Like in many other countries of Europe, goblins (kalikantzari) chose the days of Christmas to make their scary and messy appearance! It is believed that they always come into the houses from the 25th of December till the 6th of January (when the Holy Spirit sanctifies the waters and sends them away). These hairy little creatures want to create a mess in the household and play with each other. They are harmless and the tradition mentions that they were around the houses even from the ancient years. The ladies have some ways to scare them away and one of them is … cooking! So they set up the fire (stove or fireplace) and the olive oil gets extremely hot. This is a way for the trolls to stay away from the chimney and the traditional pancakes/dumplings will have a great taste.
The names of these treats in Messinia are different for every village (lalaggides, lalaggia, lalaggopsomata, plakotiganites, petoules, koutalides, tiganites etc). They vary when it comes to their size or shape but their common element is that every household made them with freshly harvested oil from the field, also that they were eaten as a salty snack with goat cheese. It was a time of celebration. The oil harvest was completed, and the trees gave their best to each family. The new year was about to come, the goblins were kept away!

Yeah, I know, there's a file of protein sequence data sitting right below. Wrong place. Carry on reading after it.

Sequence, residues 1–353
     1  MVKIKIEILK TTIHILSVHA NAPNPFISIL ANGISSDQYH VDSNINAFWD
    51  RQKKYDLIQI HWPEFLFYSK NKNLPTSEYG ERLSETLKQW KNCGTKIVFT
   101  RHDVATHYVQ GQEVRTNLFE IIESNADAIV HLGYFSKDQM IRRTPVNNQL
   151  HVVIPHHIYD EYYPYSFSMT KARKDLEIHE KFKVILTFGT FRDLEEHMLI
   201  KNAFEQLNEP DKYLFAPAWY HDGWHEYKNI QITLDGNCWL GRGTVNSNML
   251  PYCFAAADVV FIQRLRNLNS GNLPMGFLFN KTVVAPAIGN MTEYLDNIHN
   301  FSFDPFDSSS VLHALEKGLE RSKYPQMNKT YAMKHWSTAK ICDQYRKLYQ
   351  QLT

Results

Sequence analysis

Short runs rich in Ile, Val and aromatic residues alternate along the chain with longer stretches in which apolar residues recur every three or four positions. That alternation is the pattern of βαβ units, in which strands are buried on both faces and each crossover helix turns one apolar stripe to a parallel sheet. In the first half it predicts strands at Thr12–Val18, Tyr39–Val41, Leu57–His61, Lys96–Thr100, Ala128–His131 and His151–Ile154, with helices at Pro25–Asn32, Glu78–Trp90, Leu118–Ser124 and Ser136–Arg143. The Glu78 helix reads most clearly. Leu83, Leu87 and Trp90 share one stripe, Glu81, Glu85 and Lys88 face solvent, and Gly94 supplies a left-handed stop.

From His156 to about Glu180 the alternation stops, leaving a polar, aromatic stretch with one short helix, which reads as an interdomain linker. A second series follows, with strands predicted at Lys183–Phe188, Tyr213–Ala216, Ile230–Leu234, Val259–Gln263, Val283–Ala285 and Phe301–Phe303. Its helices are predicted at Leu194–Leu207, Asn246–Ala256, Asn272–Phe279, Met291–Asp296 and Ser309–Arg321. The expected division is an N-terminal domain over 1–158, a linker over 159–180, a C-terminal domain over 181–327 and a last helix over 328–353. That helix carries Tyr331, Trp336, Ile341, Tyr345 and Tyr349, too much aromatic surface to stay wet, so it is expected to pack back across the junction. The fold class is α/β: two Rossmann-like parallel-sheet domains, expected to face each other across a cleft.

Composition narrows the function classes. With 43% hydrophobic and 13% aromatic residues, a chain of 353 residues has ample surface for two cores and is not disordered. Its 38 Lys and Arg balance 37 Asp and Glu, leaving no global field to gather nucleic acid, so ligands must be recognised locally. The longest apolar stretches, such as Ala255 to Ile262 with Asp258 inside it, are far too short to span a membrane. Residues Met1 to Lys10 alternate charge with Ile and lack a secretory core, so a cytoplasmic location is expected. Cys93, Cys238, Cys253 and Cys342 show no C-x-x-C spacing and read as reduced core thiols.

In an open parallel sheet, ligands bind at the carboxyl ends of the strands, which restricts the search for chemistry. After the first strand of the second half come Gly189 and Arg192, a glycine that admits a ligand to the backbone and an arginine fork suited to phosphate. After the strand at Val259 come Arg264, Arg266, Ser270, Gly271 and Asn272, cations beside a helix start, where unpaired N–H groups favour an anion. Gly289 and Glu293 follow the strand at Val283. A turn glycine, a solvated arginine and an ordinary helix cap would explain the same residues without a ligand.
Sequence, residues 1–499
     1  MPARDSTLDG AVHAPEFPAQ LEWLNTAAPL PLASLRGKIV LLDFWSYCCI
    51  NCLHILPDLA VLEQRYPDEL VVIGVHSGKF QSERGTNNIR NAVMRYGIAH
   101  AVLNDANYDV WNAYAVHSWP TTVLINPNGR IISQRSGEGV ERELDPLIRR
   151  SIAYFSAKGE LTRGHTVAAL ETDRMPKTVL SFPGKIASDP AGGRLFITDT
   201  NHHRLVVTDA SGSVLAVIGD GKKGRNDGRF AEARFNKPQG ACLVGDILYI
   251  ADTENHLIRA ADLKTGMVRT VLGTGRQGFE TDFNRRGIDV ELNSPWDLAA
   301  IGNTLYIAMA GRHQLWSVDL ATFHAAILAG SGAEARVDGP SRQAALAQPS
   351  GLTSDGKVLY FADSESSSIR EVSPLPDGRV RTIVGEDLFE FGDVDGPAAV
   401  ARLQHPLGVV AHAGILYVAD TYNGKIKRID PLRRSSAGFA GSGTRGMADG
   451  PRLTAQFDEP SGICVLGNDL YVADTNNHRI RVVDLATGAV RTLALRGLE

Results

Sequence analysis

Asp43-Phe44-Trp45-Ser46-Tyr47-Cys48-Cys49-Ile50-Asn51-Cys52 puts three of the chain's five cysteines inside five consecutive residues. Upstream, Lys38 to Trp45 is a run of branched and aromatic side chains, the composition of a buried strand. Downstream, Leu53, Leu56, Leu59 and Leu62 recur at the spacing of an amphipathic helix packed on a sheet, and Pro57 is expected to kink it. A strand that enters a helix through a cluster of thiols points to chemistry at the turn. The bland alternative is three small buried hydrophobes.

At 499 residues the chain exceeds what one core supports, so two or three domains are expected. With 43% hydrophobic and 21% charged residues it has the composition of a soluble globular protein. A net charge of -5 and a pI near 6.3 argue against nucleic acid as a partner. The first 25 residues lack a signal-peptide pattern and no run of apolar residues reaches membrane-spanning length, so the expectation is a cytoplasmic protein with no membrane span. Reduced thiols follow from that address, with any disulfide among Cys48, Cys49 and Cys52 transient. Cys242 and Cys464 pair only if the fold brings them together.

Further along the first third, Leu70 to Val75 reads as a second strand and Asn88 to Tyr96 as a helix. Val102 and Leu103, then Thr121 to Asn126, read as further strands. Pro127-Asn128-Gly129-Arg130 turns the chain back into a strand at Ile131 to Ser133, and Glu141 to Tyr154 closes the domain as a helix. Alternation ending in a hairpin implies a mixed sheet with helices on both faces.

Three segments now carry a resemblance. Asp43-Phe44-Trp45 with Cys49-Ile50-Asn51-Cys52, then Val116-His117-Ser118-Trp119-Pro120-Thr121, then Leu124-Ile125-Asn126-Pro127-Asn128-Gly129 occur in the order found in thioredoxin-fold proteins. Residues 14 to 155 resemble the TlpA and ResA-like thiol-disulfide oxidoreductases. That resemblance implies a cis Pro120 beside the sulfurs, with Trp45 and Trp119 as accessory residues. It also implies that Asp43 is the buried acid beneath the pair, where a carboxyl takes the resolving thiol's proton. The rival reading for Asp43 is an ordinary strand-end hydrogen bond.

The ingredients of these pastries were extremely simple and everyone could afford to make them: water, oil, glove, flour, salt, yeast or sourdough starter. And of course.. love! Children would help in the making, but the shapes were carefully made by the mothers.
Mothers and grandmothers were the ones who “taught” the younger about the secrets of the Mediterranean Diet. Every family would also have fresh pork at this time of the year, so the ladies cooked it with celery and a lemon and egg sauce. On the table, in the middle there would be freshly baked bread, “the Crist’s bread”. It had a little salt or sugar inside; it was beautifully adorned with the symbol of a cross and with a walnut in the middle (a symbol of fertility and genesis).